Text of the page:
for heavy chain electrophoresis was diluted in 9 volumes of buffer (37% [w/v] EDTA and 0.01% [v/v] 2-mercaptoethanol), vortexed and allowed to precipitate
overnight a t 4°C. Centrifugation was repeated and the
resulting pellet dissolved in 0.5 M sodium chloride and
10 mM NaPO, and then denatured by immersion in
boiling water for 2 minutes. Samples were then diluted
1:lOO in a gel sample buffer (62.5 mM Tris/HCl, 2%
[w/v] SDS [sodium dodecyl sulfate], 10% [v/v] glycerol,
and 0.001% [w/v] bromophenol blue; pH 6.8). Electrophoresis was performed in a 4.8% separating gel with
30% (v/v) glycerol and a 3% stacking gel with no glycerol. Ten to 15 p,l aliquots of diluted myosin were electrophoresed for 22 hours a t 120 V and 14°C. Separating
gels were silver stained according to the protocol of
Oakley et al. (1980). The stained gels were photographed on a light table.
Native myosin extraction and electrophoresis was
performed as described by Butler-Browne and Whalen
(1984) and LaFramboise et al. (1990). Native myosin
was obtained in the same manner a s for heavy chain
electrophoresis. However, following the second centrifugation, a fraction of the supernates was recovered and
diluted in 99 volumes of buffer (40 mM sodium pyrophosphate, 50% glycerol, 0.1% [ d v ] 2-mercaptoethanol,
pH 8.5 at 4°C). Gels (6 cm length x 0.5cm diameter)
were cast in glass tubes 1 day prior to electrophoresis
and refrigerated overnight (final gel concentrations
3.88% [w/v] acrylamide, 0.12% [w/v] bisacrylamide, 20
mM sodium pyrophosphate, and 10% [v/v] glycerol; pH
8.6 at 4°C). Electrophoresis was carried out on volumes
of extract (10-15 p,l) in running buffer (20 mM sodium
pyrophosphate, 2 mM magnesium chloride, 10% [v/vl
glycerol, and 0.01% [v/v] 2-mercaptoethanol; pH 8.65 a t
4°C) using a Model 214 Pharmacia vertical gel apparatus. Electrophoresis was performed in a refrigerated
room (2"C), at 100 V and 0°C for 18-20 hours. Gels
were stained in 0.025% (wiv) Coomassie blue, 7% (v/v)
acetic acid, and 2% (v/v) ethanol and destained in 5%
(v/v) methanol and 9% (v/v) acetic acid before storage
in 7.5% ( v h ) acetic acid.
Morphological Studies
The costal part of the diaphragm attaches to the ribs
and costal cartilages on a line passing from the xiphoid
process of the sternum, across the costochondral junction of the tenth rib to a point about midshaft on the
eighteenth rib. It then turns cranially, reaching the
seventeenth rib at the caudal border of its vertebral
attachment. There is a thick layer of connective tissue
covering the thoracic surface of the entire diaphragm.
Virtually all of the muscular part of the costal diaphragm lies directly against the body wall with its fibers running roughly parallel with the craniocaudal
axis of the body (Fig. 1). The two crura of the diaphragm attach to the bodies and transverse processes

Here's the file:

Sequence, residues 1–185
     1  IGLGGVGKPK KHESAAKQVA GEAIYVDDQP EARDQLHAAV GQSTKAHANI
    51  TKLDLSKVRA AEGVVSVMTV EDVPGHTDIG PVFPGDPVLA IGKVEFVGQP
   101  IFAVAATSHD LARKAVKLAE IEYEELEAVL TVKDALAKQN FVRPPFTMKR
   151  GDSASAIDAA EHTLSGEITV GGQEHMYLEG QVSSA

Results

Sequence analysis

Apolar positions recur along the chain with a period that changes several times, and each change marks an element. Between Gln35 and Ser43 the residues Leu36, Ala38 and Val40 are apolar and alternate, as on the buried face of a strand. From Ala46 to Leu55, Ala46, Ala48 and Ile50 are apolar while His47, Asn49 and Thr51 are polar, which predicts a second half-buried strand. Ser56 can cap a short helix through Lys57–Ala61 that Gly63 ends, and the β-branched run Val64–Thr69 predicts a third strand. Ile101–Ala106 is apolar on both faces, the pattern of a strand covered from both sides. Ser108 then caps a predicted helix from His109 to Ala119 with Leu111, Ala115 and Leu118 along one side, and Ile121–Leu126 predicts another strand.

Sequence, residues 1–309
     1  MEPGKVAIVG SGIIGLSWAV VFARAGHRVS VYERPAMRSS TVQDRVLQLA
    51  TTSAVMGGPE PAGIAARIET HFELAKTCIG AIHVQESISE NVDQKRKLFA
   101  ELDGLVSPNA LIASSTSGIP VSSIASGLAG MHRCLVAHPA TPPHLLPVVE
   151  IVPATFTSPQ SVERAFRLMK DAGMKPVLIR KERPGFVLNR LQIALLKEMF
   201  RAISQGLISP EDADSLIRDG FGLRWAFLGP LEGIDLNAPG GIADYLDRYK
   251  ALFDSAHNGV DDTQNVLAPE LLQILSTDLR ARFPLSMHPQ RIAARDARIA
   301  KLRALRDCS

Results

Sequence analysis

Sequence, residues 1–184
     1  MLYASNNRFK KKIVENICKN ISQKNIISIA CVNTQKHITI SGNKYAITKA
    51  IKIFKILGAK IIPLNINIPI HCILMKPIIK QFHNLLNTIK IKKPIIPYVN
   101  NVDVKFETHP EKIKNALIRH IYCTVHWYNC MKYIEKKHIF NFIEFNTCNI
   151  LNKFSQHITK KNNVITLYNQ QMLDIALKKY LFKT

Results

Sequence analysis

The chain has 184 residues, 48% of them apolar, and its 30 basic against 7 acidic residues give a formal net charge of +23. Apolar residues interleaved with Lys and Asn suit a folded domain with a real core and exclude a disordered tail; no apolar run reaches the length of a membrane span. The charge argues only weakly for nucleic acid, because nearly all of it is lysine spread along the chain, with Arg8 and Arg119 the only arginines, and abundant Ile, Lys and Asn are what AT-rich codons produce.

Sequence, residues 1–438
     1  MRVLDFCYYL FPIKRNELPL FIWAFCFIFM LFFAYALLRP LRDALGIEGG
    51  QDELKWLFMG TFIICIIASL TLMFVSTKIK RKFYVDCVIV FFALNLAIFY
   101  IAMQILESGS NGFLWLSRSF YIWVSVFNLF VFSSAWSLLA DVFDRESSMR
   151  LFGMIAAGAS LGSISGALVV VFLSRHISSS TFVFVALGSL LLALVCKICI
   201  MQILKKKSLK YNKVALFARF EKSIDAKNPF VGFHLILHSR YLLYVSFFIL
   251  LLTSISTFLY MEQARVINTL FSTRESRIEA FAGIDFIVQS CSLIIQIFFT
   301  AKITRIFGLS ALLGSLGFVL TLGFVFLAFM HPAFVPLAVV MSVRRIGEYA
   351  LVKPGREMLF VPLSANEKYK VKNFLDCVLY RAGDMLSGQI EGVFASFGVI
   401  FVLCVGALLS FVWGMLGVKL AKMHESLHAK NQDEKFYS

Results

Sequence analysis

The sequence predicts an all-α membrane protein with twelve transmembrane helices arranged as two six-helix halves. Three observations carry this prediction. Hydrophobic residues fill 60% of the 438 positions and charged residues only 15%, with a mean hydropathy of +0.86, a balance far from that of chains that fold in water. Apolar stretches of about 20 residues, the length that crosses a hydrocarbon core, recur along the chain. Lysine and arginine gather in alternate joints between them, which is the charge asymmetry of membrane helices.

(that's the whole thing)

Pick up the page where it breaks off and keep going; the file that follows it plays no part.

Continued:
of the first two lumbar vertebrae and are attached to
the costal diaphragm by a large central tendon (Fig. 2).
The surface area of this central tendon, measured from
one preparation, was 34% of the entire surface area of
the diaphragm when stretched flat to its in situ length.
Acetylcholinesterase staining of two diaphragms revealed 6 to 9 staggered bands of endplates from costal
to tendinous insertions in the costal diaphragm. These
bands were separated by intervals of about 20 mm.
Both crura of the diaphragm showed three bands of
endplates evenly spaced from vertebral to tendinous
insertions and separated by intervals of about 16 mm.
Histochemical Studies
The adult diaphragms contained type I and IIa fiber
types with type I predominating (Figs. 3,4). Costal and
crural areas were similar, containing 66 and 71% type
I fibers, respectively (N = 7). The hiatal region contained 84% type I fibers (N = 5), significantly more
type I fibers than either costal or crural regions (P <
0.01). The type I fibers were larger than the type IIa
fibers in all three regions (P < .05) and size of both
fiber types was constant across all three regions sampled (Table 2).
Myosin lsoform Electrophoresis
All regions of the adult diaphragm demonstrated two
isoforms subsequent to heavy chain electrophoresis
(Fig. 5) which migrated at the same rate as the type I
and IIa isoforms in rat costal diaphragm described by
LaFramboise et al. (1991). Native myosin electrophoresis of the adult costal, crural, and hiatal regions
showed two or three slow myosin and two or three fast
native myosin isoforms (Fig. 6). The slow myosin isoforms resolved correlated with the SM-1, SM-2, and
SM-3 isoforms of equine biceps brachii (Hermanson et
al., 1991). When only two slow isoforms were present,
they were the SM-1 and SM-2 isoforms. The SM-3 isoform was present in one costal, three crural, and three
hiatal regions in a total of three horses (animals 6, 8,
and 9 in Table 1). The fast isoforms correlated with
FM-4 and FM-3 and in six cases FM-2 of the rat diaphragm and horse biceps brachii. The FM-2 isoform
was present in 4 costal diaphragms (animals 2, 3, 4,
and 5) and three crural samples (animals 2, 3, and 4).
The equine diaphragm demonstrates two interesting
morphological characteristics: multiple, irregularly arranged motor endplate bands are particularly evident
in the costal region, and a large proportion of surface
area is comprised of the central tendon. The endplate
banding pattern is similar to the dog and cat as described by Gordon et al. (1989). This pattern suggests
Fig. 1. Lateral view of the thoracic and abdominal regions of a horse
showing the position of the diaphragm. Craniad is to the left. Muscle
fiber orientation is apparent after stripping off a thick sheet of overlying connective tissue (one block was retained to show the differing
orientation of the connective tissue fibers relative to the underlying